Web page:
Editorial Board   

Mr. McAvoy

Jim McAvoy

Founder & President, JWMcAvoy & Company Ltd.

Jim McAvoy founded JWMcAvoy & Company Ltd. in 2004. He has spent over 20 years accumulating diverse business experiences in business development, marketing and selling roles within the healthcare/managed care, financial services, learning/consulting and online market research industries. Prior to forming the firm, Mr. McAvoy was a Director of Sales at Communispace Corporation, a Boston based, online market research company founded in 1999. Mr. McAvoy worked closely with the senior management team and reported directly to the President and CEO. He helped create and shape sales strategy within an emerging market and sold to senior decision makers at Fortune 100 companies. In 1993 he joined The Forum Corporation, a global leader in workplace learning. While working out of their Manhattan office, he created and marketed a business development process that generated “significant” revenue for the firm's Eastern Division for seven years. Before working at The Forum Corporation, Mr. McAvoy was a sales executive from 1987 to 1993 with Aetna's Employee Benefits Division, specializing in the field of group indemnity & managed care and the marketing of 401k plans. Mr. McAvoy holds a BA in Economics & History from The College of William & Mary. He also attained the Certified Employee Benefits Specialist (CEBS) designation which is a partnership of the International Foundation of Employee Benefit Plans and the Wharton School of the University of Pennsylvania.

Mr. McAvoy can be contacted at 610-374-2443 or jim@mcavoyleads.com

Coming up in September 2020...

Hotel Law: Protecting Guest Privacy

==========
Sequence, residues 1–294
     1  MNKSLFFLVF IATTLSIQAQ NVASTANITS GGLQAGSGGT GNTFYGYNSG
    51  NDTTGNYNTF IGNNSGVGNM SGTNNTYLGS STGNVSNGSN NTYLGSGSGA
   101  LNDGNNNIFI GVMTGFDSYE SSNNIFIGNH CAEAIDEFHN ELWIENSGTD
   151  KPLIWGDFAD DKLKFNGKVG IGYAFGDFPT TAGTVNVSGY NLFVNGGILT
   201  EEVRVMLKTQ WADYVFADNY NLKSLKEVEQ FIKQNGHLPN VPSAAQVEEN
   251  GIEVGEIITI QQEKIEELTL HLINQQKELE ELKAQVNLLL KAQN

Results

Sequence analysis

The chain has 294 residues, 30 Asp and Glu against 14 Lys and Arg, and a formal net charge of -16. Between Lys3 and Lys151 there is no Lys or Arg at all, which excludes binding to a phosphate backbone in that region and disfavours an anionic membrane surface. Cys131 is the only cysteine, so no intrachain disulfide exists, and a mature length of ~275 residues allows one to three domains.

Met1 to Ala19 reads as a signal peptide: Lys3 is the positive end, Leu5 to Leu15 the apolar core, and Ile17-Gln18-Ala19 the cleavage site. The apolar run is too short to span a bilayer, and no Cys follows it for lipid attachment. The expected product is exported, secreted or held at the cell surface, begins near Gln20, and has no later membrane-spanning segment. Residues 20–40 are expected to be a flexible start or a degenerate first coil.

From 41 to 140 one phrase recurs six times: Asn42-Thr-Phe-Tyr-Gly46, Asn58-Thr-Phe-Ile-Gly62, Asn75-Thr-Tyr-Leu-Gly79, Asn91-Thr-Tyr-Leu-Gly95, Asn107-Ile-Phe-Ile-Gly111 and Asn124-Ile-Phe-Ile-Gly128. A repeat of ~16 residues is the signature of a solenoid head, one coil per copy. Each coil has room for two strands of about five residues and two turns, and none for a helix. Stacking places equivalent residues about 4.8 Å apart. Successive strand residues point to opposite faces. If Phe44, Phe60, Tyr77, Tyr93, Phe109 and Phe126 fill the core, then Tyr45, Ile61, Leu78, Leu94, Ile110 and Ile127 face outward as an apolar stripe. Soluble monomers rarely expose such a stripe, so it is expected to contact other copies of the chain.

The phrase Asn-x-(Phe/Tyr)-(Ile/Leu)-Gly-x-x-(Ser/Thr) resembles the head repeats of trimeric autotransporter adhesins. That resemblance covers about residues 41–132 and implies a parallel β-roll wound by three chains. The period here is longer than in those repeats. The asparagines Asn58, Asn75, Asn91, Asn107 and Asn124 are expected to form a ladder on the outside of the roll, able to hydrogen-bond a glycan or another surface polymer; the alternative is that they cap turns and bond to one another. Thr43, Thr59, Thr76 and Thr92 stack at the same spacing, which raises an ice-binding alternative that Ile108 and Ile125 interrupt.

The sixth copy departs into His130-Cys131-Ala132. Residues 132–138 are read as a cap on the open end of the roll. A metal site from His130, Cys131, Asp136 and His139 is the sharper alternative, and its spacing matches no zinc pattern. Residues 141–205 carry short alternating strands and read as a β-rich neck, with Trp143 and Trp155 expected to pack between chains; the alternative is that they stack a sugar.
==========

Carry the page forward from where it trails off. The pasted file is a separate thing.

Every business is obligated to protect their customers from identity theft but unfortunately, data breaches have become all too common. In an effort to protect a guest's right to privacy and to safeguard their personal data, the European Union passed a General Data Protection Regulation (GDPR) that could hold hotels legally liable for any breaches that expose a customer's sensitive personal information. Though the GDPR only pertains to EU citizens' data, any international business that mishandles their data can be legally responsible. Another legal issue of concern is the fight involving hotel "resort fees." Several states attorney generals have recently filed suit against two major hotel chains in an effort to litigate this practice. Their suit alleges that these companies are "engaged in deceptive and misleading pricing practices and their failure to disclose fees is in violation of consumer protection laws." The suit seeks to force the hotel chains to advertise the true price of their hotel rooms. There are several other legal issues that the industry is being forced to address. Sexual harassment prevention in the workplace is still top of mind for hotel employers-particularly in New York and California, which now statutorily require harassment training. Hotels and motels in California will also soon be required to train all their employees on human trafficking awareness. Immigration issues are also of major concern to hotel employers, especially in the midst of a severe labor shortage. The government is issuing fewer H2B visas for low-skilled workers, as well as J-1 visas for temporary workers. Though there is little hope for any comprehensive immigration reform, hotel lobbying groups are actively seeking legal remedies to alleviate this problem. These are just a few of the critical issues that the December issue of the Hotel Business Review will examine in the area of hotel law.